As humans, we are often reminded that it’s important to have self esteem and a strong sense of our own accomplishments. That, is, of course, true. But it’s also so important to treat ourselves with care and consideration, and not be so hard on ourselves. That is where self compassion comes in.
Self compassion is an important part of learning to anchor our sense of self.
“Self-esteem relies on seeing ourselves positively, liking ourselves, or propping ourselves up. When things are going well, self-esteem can help us feel good for a period of time,” said Dr. Naomi Ben-Ami, Psy.D., licensed psychologist for Williamsburg Therapy Group.
However, it’s important to realize that at the end of the day, we are all just human. Human beings are flawed. We are all complicated beings, with strengths and weaknesses.
As humans, we are all fallible and undoubtedly will come across parts of ourselves that are flawed or problematic.
Self compassion is a way of relating to ourselves that eliminates judgement about this inevitability. And that’s necessary for our own survival and wellbeing.
“This means that our sense of worth is not reliant on being ‘good,’ performing well, or thinking positively (all of which are fleeting experiences),” said Dr. Ben-Ami.
Instead, self compassion helps us be kind and understanding ourselves no matter what is there.
How self-compassion can change us for the better
Self-compassion does not mean that we have to live in denial about what is going on or give up on trying to change by adopting complacency. We don’t have to overlook parts of ourselves that need growth. Instead, it is a constructive way of evolving.
It involves seeing ourselves with understanding and kindness, and from that place making decisions on how to take action.
When you find yourself feeling low, it can be very effective to think about what you would think and say to a friend if they were struggling with the same thing you are experiencing. “This exercise can help you switch your lens and see yourself from a gentler and more compassionate view,” said Dr. Ben-Ami.
Another effective tool is to create a mantra-like statement that you can repeat in difficult moments. This is meant to remind yourself of some of the basic tenets of self compassion. “May I be kind to myself,” “We all struggle at times, I am not different,” “May I learn to accept myself,” “I am so very human,” are all examples that clients of mine have used and found helpful.
The difference between doing and being
“I see the difference between self-esteem and self-compassion to mirror the difference between doing and being,” said Coltrane Lord, intimacy and relationship expert and author of Love Avatar.
When we have self-esteem, we are celebrating what we have accomplished in life; our goals, our abilities, and our accomplishments. “These are all experiences that must be ongoing to keep our self-esteem alive,” said Lord.
If you only focus on celebrating the doing qualities, you will feel like you’ve failed if you don’t accomplish what you’ve set out to accomplish.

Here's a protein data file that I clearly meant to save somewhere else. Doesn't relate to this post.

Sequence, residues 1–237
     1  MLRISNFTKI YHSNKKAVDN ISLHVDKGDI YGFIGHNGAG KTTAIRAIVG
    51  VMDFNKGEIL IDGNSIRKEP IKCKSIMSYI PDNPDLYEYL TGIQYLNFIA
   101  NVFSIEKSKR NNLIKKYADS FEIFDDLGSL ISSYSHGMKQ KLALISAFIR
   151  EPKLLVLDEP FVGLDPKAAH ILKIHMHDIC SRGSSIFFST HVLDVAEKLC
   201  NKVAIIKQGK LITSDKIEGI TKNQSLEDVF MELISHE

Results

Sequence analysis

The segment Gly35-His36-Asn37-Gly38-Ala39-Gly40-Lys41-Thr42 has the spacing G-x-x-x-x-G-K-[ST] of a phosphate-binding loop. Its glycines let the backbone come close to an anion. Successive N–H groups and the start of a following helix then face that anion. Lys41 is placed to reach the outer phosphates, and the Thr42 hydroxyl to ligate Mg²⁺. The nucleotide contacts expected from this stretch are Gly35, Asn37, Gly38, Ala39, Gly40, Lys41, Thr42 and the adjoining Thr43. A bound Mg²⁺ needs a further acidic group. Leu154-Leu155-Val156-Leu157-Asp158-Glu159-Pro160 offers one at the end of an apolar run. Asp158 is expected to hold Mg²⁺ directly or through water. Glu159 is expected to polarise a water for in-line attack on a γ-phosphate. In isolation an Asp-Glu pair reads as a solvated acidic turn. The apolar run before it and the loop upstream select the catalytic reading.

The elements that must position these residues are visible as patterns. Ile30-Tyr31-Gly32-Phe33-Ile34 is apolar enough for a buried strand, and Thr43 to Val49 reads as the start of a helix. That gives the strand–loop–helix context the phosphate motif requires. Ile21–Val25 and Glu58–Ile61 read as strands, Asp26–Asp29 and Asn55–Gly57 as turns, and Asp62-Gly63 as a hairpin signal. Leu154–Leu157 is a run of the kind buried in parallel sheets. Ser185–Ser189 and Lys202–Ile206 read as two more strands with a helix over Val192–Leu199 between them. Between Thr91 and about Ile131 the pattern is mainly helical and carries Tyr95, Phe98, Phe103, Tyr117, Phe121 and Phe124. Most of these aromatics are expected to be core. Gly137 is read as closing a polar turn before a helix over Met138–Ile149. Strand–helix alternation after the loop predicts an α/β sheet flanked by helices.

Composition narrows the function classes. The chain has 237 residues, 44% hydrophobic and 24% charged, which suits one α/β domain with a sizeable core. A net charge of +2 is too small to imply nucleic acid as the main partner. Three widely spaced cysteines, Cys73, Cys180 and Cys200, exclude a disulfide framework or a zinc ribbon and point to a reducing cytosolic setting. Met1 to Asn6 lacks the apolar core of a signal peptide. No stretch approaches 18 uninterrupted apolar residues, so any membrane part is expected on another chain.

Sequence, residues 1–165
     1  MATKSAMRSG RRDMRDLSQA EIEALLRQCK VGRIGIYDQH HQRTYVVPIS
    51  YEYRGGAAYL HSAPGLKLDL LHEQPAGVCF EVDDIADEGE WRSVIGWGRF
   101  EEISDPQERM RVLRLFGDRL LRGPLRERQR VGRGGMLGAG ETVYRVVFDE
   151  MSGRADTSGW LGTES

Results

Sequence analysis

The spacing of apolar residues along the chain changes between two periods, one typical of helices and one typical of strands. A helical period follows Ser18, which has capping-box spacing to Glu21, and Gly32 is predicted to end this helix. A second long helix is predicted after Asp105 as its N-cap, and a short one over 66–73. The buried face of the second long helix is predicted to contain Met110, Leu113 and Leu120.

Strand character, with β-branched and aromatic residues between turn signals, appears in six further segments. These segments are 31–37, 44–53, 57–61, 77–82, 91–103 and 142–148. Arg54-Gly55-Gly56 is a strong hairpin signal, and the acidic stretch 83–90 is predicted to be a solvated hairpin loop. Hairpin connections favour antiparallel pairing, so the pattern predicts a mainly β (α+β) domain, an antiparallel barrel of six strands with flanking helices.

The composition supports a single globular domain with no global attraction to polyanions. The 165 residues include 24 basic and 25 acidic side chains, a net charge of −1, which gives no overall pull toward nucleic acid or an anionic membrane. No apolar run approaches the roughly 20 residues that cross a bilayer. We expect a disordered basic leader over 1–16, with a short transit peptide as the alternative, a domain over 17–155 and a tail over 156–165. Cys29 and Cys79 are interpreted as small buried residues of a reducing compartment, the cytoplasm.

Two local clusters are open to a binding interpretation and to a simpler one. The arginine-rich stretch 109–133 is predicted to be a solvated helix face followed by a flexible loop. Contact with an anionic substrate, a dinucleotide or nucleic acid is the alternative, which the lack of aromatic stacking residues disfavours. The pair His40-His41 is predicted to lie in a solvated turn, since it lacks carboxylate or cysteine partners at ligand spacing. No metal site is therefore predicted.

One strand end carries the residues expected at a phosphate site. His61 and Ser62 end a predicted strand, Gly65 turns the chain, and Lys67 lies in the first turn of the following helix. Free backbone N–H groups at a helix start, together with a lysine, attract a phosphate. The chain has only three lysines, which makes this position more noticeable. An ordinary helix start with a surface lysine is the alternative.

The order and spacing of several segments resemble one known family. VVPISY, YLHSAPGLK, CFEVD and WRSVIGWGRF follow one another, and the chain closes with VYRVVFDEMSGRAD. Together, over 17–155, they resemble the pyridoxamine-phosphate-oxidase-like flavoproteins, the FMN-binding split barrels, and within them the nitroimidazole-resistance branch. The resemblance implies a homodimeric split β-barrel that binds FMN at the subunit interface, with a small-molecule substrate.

On the other hand, self-compassion is a quality of being. “When we have self-compassion, we are practicing radical self-love, radical self-acceptance, mindful awareness, presence, and understanding that each of us is interconnected with each other,” said Lord.
It’s about empowering ourselves, and feeling good about ourselves instead of just expecting better. Self-compassion is an active process. It forces us to practice self-love rather than leaving it to external factors that we hope would reinforce it.
“Self-compassion is the truest essence of confidence, which activates self-empowerment and the empowerment of those around you, which is a much more lasting quality. If you fail at something, it will not affect how you see yourself, it only enhances your character that much more,” said Lord.
Self-compassion also lasts longer!
“Self compassion is deeper and more sustainable than self esteem. Self-esteem can be built up and broken down,” said Janine Francolini, founder of the Flawless Foundation a mental health awareness organization.
“Self compassion lasts because it is the allowance to be human and acceptable to be perfectly imperfect,” said Francolini. It is a practice that can be cultivated by developing skills like positive self talk and self forgiveness.
It is a concerted effort to stop the negative voices in your head. Self esteem can grow more sustainable as you develop self compassion.
How to implement self-compassion in your daily life
“At the Flawless Foundation, our guiding philosophy is seeing the perfection in everyone which starts with seeing the perfection in ourselves,” said Francolini. One way to develop these skills is to look in the mirror and say something nurturing to yourself like, “I love you, You look great.”
Before a daunting task, whisper to yourself, “You Got This” or “I got you.” Talk to yourself as you would your best friend or loved one.
When you make a mistake, say “It’s ok – we are all human.”Extra credit for using a term of endearment – It’s ok honey.”
“When someone gives you a compliment take a moment to take it in and say ‘Thank you’ instead of negating or deflecting,” said Francolini,
Not only does self-compassion grow with practice but the bonus is that as you develop this skill, your compassion for others will naturally grow as well.
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